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by Thomas Wheeler.
Original Post: Good Design and Software Construction
Feed Title: Random Artifacts
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As a software craftsman I appreciate the intrinsic beauty of good design. And I have an internal, almost instinctive, dislike of poor design. It's like seeing graffiti on the wall of a church, or listening to someone sing out of key. This alone is enough to make me want to write good code, and fix bad code. But good design doesn't just look good; and bad design doesn't just have an awful smell. It takes a lot less time and effort (costs less) to add features to a project that has a good design. And that benefits everyone -- developers, management, and users.
(By the way, when I say "design" I mean the entire application. Not just the Java or C# code, but also the build environment/tools, database scripts, shell scripts, architecture, etc.)
So how come so many projects have such a horrible design?
Nobody sets out to create a poor design. But many (perhaps most) projects end up being hard to understand and modify. Some eventually end up with so much technical debt that management decides it's better to start from scratch because it takes forever to get a new feature done. (Which is often another sort of mistake.)
So where does bad design come from? Here are some causes I'm familiar with:
Time constraints. In the midst of getting an application to build and work right, we often take shortcuts. These "shortcuts" are usually rationalized as necessary to meet an externally imposed deadline. Sadly, just about every excuse or justification we use to "save time" winds up costing us or our beloved colleagues ten times as much time tomorrow as we saved today. Another way of saying "we don't have time to clean up the code" is "it's going to take twice as long to add a new feature in six months as it does today".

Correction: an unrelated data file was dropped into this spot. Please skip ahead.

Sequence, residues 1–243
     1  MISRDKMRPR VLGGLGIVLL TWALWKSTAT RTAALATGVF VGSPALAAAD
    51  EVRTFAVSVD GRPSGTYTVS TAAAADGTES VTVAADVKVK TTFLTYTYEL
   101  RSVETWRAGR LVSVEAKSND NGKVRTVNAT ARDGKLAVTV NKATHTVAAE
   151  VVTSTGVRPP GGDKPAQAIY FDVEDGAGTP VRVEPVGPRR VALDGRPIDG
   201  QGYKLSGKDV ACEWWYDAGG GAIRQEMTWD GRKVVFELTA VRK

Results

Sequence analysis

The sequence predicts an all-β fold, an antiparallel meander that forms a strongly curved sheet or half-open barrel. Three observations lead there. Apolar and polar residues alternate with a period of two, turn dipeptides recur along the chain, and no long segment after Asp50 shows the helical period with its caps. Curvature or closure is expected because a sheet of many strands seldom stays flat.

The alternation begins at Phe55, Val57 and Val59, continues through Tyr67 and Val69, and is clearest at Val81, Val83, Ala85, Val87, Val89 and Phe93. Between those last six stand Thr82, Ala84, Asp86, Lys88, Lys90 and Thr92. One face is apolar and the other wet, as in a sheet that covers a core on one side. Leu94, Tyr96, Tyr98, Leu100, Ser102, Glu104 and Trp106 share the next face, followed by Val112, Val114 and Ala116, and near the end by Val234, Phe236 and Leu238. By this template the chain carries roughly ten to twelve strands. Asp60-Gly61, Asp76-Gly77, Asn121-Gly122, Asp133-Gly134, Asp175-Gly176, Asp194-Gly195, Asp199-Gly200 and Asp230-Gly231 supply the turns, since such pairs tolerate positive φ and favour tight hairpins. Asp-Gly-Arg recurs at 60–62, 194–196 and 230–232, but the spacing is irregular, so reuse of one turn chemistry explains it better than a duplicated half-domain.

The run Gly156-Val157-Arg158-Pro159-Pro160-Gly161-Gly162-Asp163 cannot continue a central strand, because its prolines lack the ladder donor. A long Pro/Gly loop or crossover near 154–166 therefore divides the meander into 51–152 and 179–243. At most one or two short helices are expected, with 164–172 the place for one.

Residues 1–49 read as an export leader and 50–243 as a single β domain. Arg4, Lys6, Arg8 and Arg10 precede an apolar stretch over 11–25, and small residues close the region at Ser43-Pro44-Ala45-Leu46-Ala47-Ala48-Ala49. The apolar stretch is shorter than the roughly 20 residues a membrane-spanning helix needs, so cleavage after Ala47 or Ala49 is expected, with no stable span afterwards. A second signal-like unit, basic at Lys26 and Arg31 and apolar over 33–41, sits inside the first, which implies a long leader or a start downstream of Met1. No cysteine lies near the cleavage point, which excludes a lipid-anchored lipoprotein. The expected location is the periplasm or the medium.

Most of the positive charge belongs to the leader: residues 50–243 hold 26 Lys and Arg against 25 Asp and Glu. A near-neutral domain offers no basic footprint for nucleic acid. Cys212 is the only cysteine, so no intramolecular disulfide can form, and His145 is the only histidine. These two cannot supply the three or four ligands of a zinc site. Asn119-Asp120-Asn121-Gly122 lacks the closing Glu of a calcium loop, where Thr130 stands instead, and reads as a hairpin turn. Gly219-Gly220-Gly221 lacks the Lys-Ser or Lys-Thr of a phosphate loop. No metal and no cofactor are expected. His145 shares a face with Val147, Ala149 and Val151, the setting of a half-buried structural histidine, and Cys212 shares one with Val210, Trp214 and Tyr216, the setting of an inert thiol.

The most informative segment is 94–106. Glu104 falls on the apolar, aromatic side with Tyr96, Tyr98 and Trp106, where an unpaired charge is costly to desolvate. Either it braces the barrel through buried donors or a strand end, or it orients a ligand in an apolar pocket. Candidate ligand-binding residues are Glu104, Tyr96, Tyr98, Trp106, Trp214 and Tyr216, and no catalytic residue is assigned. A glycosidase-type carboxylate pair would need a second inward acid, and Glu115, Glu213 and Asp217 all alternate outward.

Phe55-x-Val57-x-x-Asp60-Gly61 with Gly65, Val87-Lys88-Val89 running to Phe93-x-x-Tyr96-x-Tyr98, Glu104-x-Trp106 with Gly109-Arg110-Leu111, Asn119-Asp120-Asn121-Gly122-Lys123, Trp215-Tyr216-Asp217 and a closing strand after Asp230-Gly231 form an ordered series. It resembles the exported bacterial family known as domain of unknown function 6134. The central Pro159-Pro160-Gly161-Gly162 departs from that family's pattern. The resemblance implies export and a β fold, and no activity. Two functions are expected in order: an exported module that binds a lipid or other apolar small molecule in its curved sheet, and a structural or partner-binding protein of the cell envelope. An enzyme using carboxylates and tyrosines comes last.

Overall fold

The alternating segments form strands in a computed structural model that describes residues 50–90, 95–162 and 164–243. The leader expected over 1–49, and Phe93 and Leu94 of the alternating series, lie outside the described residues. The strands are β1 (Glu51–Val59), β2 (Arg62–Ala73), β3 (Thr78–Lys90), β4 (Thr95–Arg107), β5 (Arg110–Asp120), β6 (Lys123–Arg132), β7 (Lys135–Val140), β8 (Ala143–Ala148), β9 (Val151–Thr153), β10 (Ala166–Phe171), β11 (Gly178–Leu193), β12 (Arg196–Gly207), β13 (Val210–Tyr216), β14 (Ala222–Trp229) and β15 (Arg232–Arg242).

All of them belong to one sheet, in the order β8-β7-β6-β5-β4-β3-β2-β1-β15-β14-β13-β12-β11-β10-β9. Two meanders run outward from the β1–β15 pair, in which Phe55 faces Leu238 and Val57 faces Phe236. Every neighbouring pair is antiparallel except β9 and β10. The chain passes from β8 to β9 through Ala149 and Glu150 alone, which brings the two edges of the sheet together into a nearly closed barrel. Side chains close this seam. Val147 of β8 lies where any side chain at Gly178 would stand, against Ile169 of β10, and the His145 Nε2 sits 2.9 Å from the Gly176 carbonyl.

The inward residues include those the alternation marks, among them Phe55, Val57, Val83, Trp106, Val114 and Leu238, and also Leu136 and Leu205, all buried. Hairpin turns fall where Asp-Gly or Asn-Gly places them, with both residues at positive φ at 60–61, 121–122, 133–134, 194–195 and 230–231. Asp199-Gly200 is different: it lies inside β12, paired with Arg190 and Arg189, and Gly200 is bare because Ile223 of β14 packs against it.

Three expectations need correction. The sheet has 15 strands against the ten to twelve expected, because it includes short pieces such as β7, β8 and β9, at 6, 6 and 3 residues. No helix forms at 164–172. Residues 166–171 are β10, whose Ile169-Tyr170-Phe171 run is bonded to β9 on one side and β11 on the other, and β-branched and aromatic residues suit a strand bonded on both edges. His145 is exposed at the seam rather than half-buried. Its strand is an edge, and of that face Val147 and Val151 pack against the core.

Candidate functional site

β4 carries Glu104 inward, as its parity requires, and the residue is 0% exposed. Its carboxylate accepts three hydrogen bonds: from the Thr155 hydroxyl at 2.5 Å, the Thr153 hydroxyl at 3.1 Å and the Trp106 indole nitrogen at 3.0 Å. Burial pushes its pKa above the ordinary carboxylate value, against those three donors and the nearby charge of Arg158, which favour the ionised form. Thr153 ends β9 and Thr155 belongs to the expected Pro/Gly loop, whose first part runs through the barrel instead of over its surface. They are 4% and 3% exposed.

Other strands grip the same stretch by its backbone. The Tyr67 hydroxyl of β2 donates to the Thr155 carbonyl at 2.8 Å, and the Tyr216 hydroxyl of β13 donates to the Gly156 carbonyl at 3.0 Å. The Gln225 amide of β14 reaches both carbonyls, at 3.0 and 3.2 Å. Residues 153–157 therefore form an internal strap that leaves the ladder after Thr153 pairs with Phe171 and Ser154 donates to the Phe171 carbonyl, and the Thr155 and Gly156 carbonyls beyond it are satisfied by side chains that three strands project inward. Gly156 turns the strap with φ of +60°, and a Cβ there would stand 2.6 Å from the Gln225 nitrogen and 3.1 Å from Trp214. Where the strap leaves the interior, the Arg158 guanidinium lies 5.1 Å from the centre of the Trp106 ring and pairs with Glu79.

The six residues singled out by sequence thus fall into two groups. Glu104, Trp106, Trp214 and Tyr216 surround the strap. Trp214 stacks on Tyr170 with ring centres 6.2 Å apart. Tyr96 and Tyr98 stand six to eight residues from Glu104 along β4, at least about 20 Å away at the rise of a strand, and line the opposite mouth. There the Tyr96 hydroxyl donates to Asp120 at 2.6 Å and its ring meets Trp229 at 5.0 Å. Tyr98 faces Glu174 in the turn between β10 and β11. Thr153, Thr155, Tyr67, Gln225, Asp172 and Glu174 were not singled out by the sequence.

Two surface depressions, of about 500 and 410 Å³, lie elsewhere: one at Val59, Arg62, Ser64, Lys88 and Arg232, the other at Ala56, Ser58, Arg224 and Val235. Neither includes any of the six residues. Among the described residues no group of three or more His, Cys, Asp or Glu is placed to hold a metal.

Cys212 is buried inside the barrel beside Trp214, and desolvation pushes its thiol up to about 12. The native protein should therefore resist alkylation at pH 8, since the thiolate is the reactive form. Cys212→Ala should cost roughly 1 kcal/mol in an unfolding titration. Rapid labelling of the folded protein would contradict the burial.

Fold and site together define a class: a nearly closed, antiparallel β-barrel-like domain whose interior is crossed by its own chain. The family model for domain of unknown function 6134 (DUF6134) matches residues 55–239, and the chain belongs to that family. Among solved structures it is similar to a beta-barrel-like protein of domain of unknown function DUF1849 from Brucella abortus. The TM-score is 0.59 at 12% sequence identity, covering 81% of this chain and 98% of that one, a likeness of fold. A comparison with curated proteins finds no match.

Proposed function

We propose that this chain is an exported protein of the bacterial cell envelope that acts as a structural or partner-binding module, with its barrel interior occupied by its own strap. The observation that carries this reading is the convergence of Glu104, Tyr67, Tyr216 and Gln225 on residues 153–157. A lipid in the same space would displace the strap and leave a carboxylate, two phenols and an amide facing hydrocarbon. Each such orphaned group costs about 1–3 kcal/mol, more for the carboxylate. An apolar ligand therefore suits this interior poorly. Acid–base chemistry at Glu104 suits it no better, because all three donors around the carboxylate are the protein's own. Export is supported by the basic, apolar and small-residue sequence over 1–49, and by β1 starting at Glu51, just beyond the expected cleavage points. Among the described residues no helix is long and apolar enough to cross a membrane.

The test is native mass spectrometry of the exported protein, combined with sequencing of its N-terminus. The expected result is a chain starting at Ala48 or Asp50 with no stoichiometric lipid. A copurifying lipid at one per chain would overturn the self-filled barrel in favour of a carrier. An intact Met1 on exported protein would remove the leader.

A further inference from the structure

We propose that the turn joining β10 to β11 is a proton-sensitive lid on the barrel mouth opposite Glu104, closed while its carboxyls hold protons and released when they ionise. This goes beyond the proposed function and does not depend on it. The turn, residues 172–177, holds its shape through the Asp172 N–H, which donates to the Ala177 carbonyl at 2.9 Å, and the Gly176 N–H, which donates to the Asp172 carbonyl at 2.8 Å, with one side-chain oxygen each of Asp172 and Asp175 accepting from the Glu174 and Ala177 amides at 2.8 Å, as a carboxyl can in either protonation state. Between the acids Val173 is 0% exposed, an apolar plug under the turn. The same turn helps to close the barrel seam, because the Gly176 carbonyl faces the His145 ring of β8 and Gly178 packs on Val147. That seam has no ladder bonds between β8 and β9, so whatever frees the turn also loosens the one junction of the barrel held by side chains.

Personnel changes. New team members can be great contributors to bad design, by writing code that breaks the existing design. Maybe because they don't understand it, maybe because they think they have a better idea (ego-driven programming). "Okay Steve, your first assignment is to add history tracking for all changes to the model. I'd work with you on it but don't really have time. You can stop by if you have a question, though."
New requirements. Sometimes a new requirement comes along which is incompatible with the existing design. The right way to handle this is to come up with a new design that is a good fit for both the existing features and the new one, and refactor the code. The common way to handle this is to "tack on" the new feature by hot-gluing it to the side of the existing code and slapping some paint on it.
Laziness. Yes, I am talking about you. And me. And John over there, and his buddy Adam who he met in college. Generally, if there is a "right" way to do something that is harder or takes longer, there's a pretty good chance we'll rationalize the easy, quick way.
Inexperience and ignorance. Whether it's a new technology we haven't used, a domain we're not familiar with, or a general lack of experience in development, not knowing the "right" way to get it done will almost certainly contribute to a bad design.
To put it another way, nobody intentionally prioritizes bad design. We just prioritize things that result in bad design as a consequence. Sometimes it's an intentional decision, possibly made with an understanding of the consequences and with the best of intentions to go back and do the rework necessary to clean things up later. Sometimes the decision is made unconsciously or in ignorance of the consequences.
The role of a software development team is to add value to the product. Bad design is a major obstacle to adding value. The most successful teams I've been part of have been rigorous and disciplined about using best practices to maintain a good design. And by the way, when I say "team" I mean everyone who is part of the project -- programmers, documentation, QA, UX, BA's, and management.
How disciplined is your team? What are you doing to help your team consistently adhere to the practices that result in a good design?